View From Our Place
This is our version of small-town life, only 10 minutes from downtown Seattle.
Living in the country is a state of mind for this Washington family.
For the last 13 years my husband, Lance, and I have been restoring and renovating our 1916 home. When we bought our house, both of us had fallen for the view. We saw all the work the house needed as a challenge we could embrace for the reward of waking up here each day.
Sunrise is peaceful; the bay window in our living room faces east, taking in all the morning hues. It feels like small-town living, yet we’re only 10 minutes from downtown Seattle, within walking distance to coffee shops. As former Seattleites, we need coffee in close proximity!
There’s no shortage of mature trees, thanks to a local ordinance to prevent clear cutting. Eagles nesting nearby, coupled with a plethora of self-seeding foxglove, can sometimes make us think that we live in the country.
Frequently I’m overtaken with gratitude for the beauty of nature we get to live around every day, and I often experience moments I wish I could freeze in time. But with each season, I know there will be a new one to look forward to.
In summer our teenage kids, Nora and Anders, invite friends to roast marshmallows at the fire pit, and I gather bouquets from the flower garden. Our dog, Eve, and cat, Kit, romp by the free-growing natural vegetation that overtakes the rolling hillside.
In the fall we notice all of the changing leaves in our yard and across the lake. Winter snow brings us our own sledding hill. In the spring we witness wild bunnies and hear the birds, and all is right in the world.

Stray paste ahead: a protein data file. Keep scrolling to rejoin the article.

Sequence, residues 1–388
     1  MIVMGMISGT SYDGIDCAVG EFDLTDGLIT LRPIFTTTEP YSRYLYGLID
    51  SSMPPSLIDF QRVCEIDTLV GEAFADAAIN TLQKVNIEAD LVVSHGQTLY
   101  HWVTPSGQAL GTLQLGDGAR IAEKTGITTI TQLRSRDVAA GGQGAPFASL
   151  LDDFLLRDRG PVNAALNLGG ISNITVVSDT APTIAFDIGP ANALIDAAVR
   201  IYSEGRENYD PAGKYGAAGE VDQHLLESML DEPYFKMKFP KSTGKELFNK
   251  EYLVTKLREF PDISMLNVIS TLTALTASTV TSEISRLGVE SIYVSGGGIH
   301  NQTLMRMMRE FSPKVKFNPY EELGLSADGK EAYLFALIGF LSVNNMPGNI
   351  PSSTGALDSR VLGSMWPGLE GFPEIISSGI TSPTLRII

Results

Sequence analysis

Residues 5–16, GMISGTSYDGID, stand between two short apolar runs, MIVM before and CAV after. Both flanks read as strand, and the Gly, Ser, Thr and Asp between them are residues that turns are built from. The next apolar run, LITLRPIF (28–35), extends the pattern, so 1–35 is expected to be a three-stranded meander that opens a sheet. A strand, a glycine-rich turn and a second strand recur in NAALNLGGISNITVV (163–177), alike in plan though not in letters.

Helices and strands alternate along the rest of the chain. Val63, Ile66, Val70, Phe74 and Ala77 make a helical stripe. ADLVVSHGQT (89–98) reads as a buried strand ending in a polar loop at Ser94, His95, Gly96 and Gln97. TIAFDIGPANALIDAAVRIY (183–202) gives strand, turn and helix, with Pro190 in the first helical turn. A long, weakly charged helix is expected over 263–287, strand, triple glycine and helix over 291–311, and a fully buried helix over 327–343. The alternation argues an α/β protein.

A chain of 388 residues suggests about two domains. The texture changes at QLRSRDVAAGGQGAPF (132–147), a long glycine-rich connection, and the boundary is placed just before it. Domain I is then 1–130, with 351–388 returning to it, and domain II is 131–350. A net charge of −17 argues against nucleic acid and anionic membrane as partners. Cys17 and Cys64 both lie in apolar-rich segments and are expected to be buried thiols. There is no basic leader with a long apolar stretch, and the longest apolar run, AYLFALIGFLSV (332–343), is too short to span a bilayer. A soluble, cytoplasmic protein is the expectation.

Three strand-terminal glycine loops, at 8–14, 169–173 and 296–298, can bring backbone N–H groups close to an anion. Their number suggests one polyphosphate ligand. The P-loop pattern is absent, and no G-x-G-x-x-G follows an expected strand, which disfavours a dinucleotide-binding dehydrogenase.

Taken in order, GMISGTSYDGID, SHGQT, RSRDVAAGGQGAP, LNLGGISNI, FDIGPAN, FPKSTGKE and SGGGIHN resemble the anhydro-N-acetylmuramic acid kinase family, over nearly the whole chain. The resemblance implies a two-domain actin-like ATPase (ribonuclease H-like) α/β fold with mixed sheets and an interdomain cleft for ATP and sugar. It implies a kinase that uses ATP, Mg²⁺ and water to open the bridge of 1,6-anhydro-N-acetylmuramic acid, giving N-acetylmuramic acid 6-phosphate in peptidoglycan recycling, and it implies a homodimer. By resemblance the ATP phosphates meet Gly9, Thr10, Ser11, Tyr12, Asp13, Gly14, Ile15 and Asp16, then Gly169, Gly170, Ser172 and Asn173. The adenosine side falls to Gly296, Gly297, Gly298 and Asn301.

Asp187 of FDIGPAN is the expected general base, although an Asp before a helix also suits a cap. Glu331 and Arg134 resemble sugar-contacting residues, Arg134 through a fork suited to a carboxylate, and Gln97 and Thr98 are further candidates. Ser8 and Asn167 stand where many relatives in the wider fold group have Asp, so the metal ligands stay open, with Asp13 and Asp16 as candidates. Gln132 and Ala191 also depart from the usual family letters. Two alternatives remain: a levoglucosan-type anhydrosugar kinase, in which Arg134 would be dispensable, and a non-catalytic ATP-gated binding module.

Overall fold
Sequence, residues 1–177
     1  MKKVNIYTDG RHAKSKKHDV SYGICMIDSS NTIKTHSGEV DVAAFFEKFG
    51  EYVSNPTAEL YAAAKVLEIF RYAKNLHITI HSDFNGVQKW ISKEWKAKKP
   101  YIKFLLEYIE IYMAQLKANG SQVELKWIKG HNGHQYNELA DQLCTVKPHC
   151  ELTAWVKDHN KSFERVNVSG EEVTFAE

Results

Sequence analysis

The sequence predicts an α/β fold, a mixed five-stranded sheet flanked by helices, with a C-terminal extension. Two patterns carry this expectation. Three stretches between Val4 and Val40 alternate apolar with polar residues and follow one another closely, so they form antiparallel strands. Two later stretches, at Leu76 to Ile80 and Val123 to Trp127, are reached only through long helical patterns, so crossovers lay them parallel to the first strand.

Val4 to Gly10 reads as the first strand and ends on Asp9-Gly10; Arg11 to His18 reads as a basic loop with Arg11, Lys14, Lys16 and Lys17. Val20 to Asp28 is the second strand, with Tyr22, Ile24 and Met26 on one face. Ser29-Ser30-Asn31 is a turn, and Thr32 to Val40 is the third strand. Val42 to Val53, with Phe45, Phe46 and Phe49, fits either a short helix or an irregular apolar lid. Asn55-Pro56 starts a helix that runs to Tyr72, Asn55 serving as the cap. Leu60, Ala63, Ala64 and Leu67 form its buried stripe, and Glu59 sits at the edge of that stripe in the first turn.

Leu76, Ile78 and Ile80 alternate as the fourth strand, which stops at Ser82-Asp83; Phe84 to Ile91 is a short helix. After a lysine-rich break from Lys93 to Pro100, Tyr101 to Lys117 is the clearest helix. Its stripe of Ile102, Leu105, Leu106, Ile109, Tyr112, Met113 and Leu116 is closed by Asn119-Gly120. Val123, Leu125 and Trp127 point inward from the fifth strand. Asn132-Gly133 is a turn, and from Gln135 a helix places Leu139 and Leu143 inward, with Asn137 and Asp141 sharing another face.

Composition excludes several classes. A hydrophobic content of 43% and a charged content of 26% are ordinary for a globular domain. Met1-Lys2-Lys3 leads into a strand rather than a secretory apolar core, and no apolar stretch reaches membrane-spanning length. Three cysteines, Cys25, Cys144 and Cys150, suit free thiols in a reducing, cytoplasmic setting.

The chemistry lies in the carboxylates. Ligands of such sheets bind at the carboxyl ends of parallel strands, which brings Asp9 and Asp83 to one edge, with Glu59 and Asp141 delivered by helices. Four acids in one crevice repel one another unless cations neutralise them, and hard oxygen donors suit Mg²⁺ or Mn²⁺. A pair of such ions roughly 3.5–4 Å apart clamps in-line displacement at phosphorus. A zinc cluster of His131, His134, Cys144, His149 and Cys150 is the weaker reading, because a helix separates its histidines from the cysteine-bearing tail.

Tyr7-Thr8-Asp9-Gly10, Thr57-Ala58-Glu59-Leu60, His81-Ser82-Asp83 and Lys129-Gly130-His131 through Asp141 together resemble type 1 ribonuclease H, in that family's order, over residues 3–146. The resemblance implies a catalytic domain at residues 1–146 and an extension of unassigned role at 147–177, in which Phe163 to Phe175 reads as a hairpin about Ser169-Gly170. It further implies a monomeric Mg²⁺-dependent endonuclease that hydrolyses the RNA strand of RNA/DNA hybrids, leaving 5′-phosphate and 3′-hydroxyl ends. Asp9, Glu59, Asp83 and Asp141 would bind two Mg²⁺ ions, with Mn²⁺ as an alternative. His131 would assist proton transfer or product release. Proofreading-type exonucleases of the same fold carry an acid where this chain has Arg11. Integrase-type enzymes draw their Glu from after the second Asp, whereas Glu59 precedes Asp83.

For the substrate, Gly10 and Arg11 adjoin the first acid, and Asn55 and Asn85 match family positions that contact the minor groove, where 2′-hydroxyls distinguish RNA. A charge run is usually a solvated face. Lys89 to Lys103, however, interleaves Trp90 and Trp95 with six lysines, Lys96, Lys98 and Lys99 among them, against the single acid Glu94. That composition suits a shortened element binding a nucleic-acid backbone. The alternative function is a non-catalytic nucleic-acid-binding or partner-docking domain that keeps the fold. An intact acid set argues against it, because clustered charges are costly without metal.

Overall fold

This is our version of a farm. We’re all entertained watching the pet chickens waddle around when they’re out of the coop, usually following Lance because he feeds them the most. Salt, Pepper and Big Red lay fresh eggs and relish a drink from the patio fountain that Lance built.
My husband is a renovation carpenter and home builder, and I have an enthusiasm for design. We have renovated just about every part of this house. The most recent projects include a new detached garage and our basement.
We try to find ways to recycle materials—we like the charm and backstory, and it saves a few trees. We crafted the basement stairs out of fir reclaimed from my aunt’s house. And when we designed our
kitchen, we used a slab of rustic barn wood for the island. It gives us more than enough space for baking with the cousins.
I love color and quirky antiques. My favorite piece is a vintage wool rug that I purchased on a shopping excursion with my mom.
My well-worn green garden boots are usually sitting by the door, ready for action. I love to plant—weeding is another story. But even weeding has a therapeutic rhythm. I enjoy having a reason to listen to the birds chirp.
We have a couple of birdhouses. One gets a nest every year, and sometimes we are lucky enough to get another nest in the wisteria vine that grows around our deck.
Occasionally a vine sprouts from last fall’s pumpkin, and we pick a plethora of apples in the fall from two trees my mom gave grandson Anders when he was born.
When I feel overwhelmed by the big lot, I look at the lake, take a deep breath and remind myself few neighbors can tell if I miss a weed.
Hard work makes us appreciate life here all the more. We have our eye on a second home in Cle Elum, Washington: country living with mountain views. We’ve already purchased the lot. And so the work will begin again!
CLOCKWISE FROM TOP: Son Anders and a friend at the fire pit; sunrise view over Lake Washington; the 1916 Craftsman-style home; family dog Eve; pet chickens Pepper and Big Red.